By Staff Sgt. Constance A. Oberg
3rd Sustainment Brigade
CONTINGENCY OPERATING BASE SPEICHER, Iraq— Preparing to send soldiers out on a convoy requires more than jumping into the driver’s seat of the truck and taking off down the road. There is preparation involved before the trucks even leave the staging area.
Prior to the convoy moving out, a commanders risk-assessment meeting is held for key personnel from the units in order to provide them with the latest intelligence, weather and route clearance schedules. That information is then passed on to the soldiers.
Capt. Kevin Morgan, battalion electronic warfare officer with the 394th Combat Sustainment Support Battalion, 3rd Sustainment Brigade, 103rd Sustainment Command (Expeditionary), and Muscatine, Iowa, native, also goes out to each convoy staging area two hours prior to leaving. He ensures the Counter Remote Control Improvised Explosive Device Electronic Warfare, systems are functioning.
“I make sure the company CREW specialists are doing their jobs,” said Morgan. “I check all the trucks and make sure all their Counter IED equipment is functioning properly. The companies have CREW specialists that conduct preliminary checks on their trucks to make sure everything is right.”
The battalion also sends a CREW specialist to support the company specialist if they need assistance.
“The CREW systems are basically like the armor plating on the trucks,” said Pfc. Bradley D. Eisenhauer, a signal support system specialist with the 394th CSSB, and a Bloomfield, Neb., native. “The difference is you can’t actually see that armor and what it’s protecting you from.”
Spot-checking is important for ensuring proper CREW system maintenance in each truck.
“Our mission is to spot-check trucks, which is the same as what the CREW specialist does,” added Sgt. Joel S. Lowther, an information systems operator analyst with the 394th CSSB, and a Wahoo, Neb., native. “We go out to the staging yard and pick different trucks that the CREW specialist from the company has checked. By randomly spot checking and quizzing the CREW specialist, we can make sure that they know what they are doing.”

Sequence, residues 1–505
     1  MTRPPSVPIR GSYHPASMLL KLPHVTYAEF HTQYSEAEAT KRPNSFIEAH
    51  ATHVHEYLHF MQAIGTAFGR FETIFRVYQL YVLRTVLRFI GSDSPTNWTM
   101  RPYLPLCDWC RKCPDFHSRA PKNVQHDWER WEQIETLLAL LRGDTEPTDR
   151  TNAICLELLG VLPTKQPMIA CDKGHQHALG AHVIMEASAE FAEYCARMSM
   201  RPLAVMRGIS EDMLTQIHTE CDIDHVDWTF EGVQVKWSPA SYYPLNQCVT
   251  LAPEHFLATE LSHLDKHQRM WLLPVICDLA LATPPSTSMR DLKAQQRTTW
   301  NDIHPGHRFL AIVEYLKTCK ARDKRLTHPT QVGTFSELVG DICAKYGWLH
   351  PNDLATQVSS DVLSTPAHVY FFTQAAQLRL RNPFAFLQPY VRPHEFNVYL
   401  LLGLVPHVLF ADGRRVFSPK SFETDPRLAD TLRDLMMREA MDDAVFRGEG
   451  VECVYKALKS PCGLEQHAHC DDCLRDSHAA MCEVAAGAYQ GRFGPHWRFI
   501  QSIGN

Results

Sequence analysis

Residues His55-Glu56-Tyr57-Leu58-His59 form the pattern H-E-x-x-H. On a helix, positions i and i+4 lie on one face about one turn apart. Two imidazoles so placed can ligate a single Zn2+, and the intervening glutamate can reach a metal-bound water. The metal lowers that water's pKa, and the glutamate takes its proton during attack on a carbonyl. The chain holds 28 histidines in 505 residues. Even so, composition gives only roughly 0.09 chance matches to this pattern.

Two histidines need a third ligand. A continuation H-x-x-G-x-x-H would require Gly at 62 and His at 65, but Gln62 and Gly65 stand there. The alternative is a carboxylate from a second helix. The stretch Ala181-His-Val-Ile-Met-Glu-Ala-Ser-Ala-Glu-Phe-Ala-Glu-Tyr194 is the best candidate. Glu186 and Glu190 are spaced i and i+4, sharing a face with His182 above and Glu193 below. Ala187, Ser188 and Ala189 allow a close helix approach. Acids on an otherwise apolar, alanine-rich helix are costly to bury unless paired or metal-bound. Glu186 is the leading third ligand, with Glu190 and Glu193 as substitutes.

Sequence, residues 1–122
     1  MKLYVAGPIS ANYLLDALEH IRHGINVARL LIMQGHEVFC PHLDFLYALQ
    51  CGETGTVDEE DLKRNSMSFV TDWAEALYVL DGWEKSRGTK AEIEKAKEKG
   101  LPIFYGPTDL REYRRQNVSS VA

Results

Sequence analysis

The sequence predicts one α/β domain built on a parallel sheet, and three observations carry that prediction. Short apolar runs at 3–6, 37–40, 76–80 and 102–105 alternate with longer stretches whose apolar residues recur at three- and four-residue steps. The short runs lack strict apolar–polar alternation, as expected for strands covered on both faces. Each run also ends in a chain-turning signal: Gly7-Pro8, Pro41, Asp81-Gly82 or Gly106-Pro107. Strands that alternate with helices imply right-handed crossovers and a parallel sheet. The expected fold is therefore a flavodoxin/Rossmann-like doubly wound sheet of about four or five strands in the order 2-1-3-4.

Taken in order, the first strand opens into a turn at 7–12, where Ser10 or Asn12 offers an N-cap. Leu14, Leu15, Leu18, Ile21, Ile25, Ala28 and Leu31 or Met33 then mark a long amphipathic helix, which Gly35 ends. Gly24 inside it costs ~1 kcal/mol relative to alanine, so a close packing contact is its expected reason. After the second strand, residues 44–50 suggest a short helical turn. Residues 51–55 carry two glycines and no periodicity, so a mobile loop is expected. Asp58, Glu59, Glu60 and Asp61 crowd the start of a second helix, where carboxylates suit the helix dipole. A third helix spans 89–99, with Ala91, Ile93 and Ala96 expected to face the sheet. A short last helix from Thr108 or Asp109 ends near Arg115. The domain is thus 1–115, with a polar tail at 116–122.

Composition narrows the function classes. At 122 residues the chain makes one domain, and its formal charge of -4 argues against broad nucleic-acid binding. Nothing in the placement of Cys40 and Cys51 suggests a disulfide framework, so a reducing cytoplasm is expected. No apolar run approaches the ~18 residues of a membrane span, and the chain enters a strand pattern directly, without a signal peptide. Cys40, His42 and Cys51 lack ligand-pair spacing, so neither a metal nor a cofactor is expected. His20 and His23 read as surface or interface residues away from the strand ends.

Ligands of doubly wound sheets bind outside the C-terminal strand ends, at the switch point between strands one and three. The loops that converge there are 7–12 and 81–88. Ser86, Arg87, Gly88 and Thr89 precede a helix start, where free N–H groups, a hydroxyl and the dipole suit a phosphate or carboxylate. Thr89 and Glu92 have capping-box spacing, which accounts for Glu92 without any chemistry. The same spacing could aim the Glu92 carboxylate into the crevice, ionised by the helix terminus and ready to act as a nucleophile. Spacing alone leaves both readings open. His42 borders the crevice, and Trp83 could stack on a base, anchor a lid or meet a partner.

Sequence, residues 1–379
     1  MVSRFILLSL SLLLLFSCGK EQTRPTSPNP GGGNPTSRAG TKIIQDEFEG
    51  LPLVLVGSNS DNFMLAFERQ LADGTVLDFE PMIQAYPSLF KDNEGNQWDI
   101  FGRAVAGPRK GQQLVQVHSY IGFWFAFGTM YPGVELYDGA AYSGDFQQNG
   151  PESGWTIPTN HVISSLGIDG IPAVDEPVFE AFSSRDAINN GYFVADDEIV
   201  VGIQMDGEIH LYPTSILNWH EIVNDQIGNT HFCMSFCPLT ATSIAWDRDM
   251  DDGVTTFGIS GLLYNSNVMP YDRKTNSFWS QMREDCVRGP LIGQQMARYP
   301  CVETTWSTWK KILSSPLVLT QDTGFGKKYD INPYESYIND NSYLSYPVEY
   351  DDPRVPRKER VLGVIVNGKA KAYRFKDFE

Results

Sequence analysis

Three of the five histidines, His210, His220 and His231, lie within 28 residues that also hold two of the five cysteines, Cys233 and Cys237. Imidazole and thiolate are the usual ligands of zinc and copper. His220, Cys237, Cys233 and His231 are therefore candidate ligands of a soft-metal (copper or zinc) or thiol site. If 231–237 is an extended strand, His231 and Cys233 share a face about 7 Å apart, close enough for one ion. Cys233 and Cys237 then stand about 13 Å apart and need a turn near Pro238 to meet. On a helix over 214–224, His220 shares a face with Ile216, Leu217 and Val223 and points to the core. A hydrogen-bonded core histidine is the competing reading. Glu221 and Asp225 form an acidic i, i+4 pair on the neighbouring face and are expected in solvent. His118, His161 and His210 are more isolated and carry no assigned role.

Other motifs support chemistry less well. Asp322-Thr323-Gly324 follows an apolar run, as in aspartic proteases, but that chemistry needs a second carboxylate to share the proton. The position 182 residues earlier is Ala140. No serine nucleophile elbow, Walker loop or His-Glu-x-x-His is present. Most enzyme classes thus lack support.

Making sure the vehicles are prepared to roll out is only one part of getting the convoy ready. Every mission has a convoy brief where all the soldiers get on the same page with each other. Meals are also provided so no one heads out on the road hungry.
The unit chaplain also goes out to the staging area.
“After the convoy brief while the soldiers are assembled, I am able to give a short word from the Bible and a prayer before they leave on their mission,” said 1st Lt. Joshua A. Cox, a chaplain with the 394th CSSB, and a Leon, Iowa, native. “I am there to talk with the soldiers also. I am down at the staging lanes to provide a ministry of presence to any soldier or civilian who may want to talk to a chaplain.”
Soldiers are not required to be there for the chaplain’s brief, but most do stay and listen. Cox said he feels that the Army has many fine men and women serving who desire to be nurtured spiritually and their mission does not always allow them to be at the chapel on Sunday. He added that he provides them “a piece of spiritual pie” at the convoy briefs.
As a U.S. Army chaplain, Cox said he feels it is a great joy and privilege to be able to serve the outstanding service members who put their lives on the line every day for the completion of the mission.
“There is no other place I would rather be serving in the ministry than right here, being able to serve full time both my country and my God,” said Cox.
It takes a lot of work to prepare for a mission, even with the long hours involved in getting the convoy ready to head out on the road. Many of the soldiers say they love what they do and are excited to have the opportunity to go on the missions.
|Date Posted:||10.18.2010 11:22|
|Location:||CONTINGENCY OPERATING BASE SPEICHER, IQ|
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